TSLP promotes Th2 cell responses associated with immunity to some helminth parasites and the pathogenesis of a number of inflammatory diseases such as AD. Indeed, increased expression of TSLP has been strongly associated with AD as well as other allergic diseases, including asthma and allergic rhinitis.30-32 Although FLG protein contributes to the skin barrier, TSLP expression occurs after antigen sensitisation through a disrupted skin barrier and subsequently promotes the immune responses resulting in inflammation that leads to AD. In AD, epithelial cells markedly increase TSLP expression in response to inflammation, leading to macrophage activation, DC maturation, induction of inflammatory Th2 cells, and eventual chemoattraction of a suite of innate immune cells, such as eosinophils, neutrophils, and mast cells, with resulting pathological effects. Genetic variants resulting in diminished TSLP activity were protective against persistent AD even in individuals with the FLG loss-of-function mutation.32,33 Therefore, TSLP is a master regulator of allergic inflammation in the skin and can significantly influence the AD phenotype.


There are many examples of infectious agents that impact upon allergic risk. Severe respiratory syncytial virus infection in infants increases the risk of allergic rhinoconjunctivitis and allergic asthma.34 Measles,35 hepatitis A, and tuberculosis seemingly reduce atopy,36 whereas HIV infection is associated with increased risk of asthma and AD.37 Helminth infections are considered to reduce clinical expression of an atopic tendency.38 The relationship of Staphylococcus aureus and patients with AD is unusual in that S. aureus colonisation is both a cause and a consequence of allergic skin inflammation.39 The allergic skin inflammation associated with AD leads to increased colonisation by S. aureus notably because of skin barrier dysfunction and ineffective innate immune responses. S. aureus in turn produces exotoxins (superantigens) that can penetrate the skin barrier and contribute to the persistence and exacerbation of allergic skin inflammation.40 Of particular interest are pathogens that are transmitted by haematophagous arthropods (mosquitoes, sandflies, ticks) because of the allergenic nature of their saliva.

Lessons from Malaria

Although the human genetic susceptibility to malaria has classically focussed on the haemoglobinopathies (sickle cell, beta and alpha thalassaemia), there is an unusual relationship between allergy and the mosquito-borne protozoan parasite, Plasmodium falciparum, the aetiological agent of lethal tertian human malaria. Several lines of evidence support the concept that susceptibility to malaria and atopy may be related to the same immunological defect and/or influence one another.

Impact of allergy on malaria infection outcome

At the phenotypic level, there is evidence that allergy impacts upon risk of malaria. In Ethiopia, atopic children had a higher prevalence of malaria attacks,41 while in Tanzania maternal malaria had a protective effect on wheezing in 4-year-old children.42 AD, and to a lesser extent asthma, were found to increase the risk of persistent clinical malaria episodes, suggesting interference with the developmental of clinical immunity to the parasite.43 Finally, there is some evidence that IgE levels are elevated during malaria infections and that the mosquitoes as well as the parasites contribute to this state and thus may exacerbate the immunological environment.44,45 Notably, individuals classified as having moderate or severe symptoms of AD (assessed using the positive and negative predictive values of the ISAAC questionnaire diagnosis criteria developed for sub-tropical countries) had significantly higher specific IgE levels against Culex, Aedes, and Anopheles salivary gland extract.43,45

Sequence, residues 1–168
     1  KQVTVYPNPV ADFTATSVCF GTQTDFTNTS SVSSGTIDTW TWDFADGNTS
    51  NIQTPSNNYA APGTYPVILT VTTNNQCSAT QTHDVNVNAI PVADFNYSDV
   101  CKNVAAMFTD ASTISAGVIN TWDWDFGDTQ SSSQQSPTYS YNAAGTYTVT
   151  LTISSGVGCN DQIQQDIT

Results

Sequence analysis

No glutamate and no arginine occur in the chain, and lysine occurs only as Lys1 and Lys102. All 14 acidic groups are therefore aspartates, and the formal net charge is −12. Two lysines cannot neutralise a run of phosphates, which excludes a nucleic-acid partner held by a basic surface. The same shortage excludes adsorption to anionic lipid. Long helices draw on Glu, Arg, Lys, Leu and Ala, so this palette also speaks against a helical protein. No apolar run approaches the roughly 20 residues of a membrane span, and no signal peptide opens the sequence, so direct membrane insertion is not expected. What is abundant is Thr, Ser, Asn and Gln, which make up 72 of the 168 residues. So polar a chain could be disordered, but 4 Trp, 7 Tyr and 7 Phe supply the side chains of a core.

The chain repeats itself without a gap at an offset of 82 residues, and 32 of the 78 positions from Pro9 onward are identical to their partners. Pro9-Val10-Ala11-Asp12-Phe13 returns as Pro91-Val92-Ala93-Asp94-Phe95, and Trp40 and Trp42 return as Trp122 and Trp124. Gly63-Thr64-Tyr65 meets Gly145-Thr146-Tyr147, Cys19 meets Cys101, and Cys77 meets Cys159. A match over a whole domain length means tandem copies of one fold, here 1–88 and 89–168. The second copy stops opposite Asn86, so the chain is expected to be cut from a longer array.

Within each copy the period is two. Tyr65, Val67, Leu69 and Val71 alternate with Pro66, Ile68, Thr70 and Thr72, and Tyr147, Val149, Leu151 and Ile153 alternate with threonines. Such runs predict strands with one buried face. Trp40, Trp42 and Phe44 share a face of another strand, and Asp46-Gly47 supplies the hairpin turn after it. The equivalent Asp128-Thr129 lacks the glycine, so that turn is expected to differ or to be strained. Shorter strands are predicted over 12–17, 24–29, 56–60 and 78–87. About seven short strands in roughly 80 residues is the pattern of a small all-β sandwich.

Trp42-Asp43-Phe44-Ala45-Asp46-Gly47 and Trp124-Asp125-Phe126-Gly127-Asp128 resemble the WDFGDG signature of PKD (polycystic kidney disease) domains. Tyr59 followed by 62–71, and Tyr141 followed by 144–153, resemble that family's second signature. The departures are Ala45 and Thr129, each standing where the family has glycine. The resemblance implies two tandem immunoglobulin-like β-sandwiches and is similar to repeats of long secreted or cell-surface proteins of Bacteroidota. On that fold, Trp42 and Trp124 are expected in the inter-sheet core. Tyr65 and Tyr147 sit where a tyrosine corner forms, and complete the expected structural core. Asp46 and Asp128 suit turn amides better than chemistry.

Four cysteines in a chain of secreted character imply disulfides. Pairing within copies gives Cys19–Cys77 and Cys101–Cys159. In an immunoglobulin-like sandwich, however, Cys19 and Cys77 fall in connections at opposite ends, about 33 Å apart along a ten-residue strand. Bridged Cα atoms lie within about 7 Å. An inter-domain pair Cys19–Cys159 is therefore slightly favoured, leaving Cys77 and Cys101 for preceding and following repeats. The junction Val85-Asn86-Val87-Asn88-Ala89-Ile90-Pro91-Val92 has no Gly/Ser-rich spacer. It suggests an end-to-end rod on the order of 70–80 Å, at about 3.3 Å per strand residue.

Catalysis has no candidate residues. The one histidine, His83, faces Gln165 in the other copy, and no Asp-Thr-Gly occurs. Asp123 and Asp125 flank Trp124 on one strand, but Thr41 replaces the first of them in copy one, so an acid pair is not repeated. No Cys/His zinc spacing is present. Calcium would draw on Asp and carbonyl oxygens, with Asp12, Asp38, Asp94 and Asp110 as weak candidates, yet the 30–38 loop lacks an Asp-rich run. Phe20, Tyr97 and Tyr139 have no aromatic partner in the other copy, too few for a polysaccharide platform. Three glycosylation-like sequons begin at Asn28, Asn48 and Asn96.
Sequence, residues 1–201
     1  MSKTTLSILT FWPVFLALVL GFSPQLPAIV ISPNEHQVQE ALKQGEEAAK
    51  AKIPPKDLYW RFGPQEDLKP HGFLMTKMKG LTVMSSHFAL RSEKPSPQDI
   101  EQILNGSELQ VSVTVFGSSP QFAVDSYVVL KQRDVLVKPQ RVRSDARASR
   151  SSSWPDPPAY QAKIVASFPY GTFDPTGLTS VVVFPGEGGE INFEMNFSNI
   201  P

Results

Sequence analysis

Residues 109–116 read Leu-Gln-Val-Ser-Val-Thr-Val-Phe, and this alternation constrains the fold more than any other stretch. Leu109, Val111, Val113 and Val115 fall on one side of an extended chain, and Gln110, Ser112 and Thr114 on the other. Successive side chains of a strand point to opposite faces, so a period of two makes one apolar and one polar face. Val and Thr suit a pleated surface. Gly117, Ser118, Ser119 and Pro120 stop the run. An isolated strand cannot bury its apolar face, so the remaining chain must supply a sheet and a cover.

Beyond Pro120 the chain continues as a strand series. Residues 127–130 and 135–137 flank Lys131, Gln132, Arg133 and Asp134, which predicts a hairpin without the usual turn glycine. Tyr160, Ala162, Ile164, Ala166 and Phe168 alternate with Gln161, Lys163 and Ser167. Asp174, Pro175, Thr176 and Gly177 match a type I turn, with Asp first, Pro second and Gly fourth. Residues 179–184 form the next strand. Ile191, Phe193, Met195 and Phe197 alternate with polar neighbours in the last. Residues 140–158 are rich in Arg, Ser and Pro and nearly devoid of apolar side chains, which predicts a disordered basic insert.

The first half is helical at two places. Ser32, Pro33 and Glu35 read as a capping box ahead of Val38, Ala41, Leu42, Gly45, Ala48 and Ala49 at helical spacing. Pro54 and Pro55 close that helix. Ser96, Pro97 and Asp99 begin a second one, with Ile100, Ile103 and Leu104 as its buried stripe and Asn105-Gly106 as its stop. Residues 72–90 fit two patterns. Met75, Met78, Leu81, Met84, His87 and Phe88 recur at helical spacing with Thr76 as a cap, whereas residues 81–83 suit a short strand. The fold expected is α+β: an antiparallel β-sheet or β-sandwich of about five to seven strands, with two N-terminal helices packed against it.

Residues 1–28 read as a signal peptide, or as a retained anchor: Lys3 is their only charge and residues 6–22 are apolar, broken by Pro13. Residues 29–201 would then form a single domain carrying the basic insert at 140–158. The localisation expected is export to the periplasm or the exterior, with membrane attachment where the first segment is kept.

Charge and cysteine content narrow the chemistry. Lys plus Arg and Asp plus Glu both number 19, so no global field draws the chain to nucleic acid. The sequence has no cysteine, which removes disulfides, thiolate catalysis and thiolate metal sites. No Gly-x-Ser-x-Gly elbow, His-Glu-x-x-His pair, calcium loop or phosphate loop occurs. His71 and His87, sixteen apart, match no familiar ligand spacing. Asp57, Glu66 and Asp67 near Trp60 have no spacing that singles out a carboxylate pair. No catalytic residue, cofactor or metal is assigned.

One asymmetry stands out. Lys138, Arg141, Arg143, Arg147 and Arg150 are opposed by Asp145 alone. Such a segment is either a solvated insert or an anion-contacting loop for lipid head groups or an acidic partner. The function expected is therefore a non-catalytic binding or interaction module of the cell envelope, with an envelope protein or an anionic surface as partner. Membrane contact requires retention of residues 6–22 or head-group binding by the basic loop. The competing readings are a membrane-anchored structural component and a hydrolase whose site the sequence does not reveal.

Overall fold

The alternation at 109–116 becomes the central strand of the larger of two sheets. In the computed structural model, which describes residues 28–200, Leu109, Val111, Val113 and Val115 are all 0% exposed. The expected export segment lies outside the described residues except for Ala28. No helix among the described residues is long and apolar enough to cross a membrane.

Role of immunoglobulin E

Several findings suggest that IgE could play a detrimental role during malaria disease development. This was supported by data showing that IgE levels were much reduced amongst patients with uncomplicated malaria in comparison with those suffering from severe malaria.46 Furthermore, immunohistological studies on brain sections revealed the presence of IgE deposits in brain microvessels and on infected erythrocytes from cerebral malaria patients as well as in placentas infected with P. falciparum.47 Various immune complexes, which consist of either IgE and antigen aggregates or IgE with IgG anti-IgE, could bind to Fc receptors expressed on monocytes that become activated, giving rise to TNF-a secretion.46 In addition, IgE levels were found to be higher in cerebral P. falciparum malaria when compared with uncomplicated malaria.48

Shared genetics

A mouse model (NC/Jic) for human atopic disease was found to be susceptible to murine malaria and a major quantitative trait locus (derm1) for atopic disease mapped close to the region controlling parasitaemia (char1 or pymr) on mouse chromosome 9.49,50 Genome scan linkage studies revealed four regions linked to malaria phenotypes. 5p15–p13 and 13q13–q22 were found to be associated with clinical malaria and 5q31–q33 and 12q21–q23 with parasite density.51 While these regions are extensive and contain many putative candidate genes, it is remarkable that all four regions overlap with those that have been previously identified to be involved in asthma/atopy and especially IgE levels,52,53 suggesting that common mechanisms may be involved between both pathogenic mechanisms. Moreover, a logarithm of the odds (LOD) score >1 was found using both analytical methods for the region containing the high-affinity receptor for IgE (FcεR1B on 11q12.1). The regions 13q13–q22 and 12q21–q23 contain genes known to increase total serum IgE levels, namely PHF1153 and STAT6 genes.54 The Stat6 protein plays a central role in exerting IL-4 mediated biological responses. The IL-4 gene is located on 5q31 together with important cytokines (IL-13, IL-5, IL-9), a region found to be linked to parasite density in this and previous studies and consistently reported to be linked to asthma-related phenotypes.55 The cluster of cytokines on 5q31, namely IL-4 and IL-13, are major cytokines promoting the differentiation of Th2 cells that are involved in the allergic response. Genetic variants in IL-4 and IL-13 genes on 5q31 and STAT6 on 12q21 have been consistently found associated with total IgE levels and this is confirmed by GWAS of this phenotype.20,56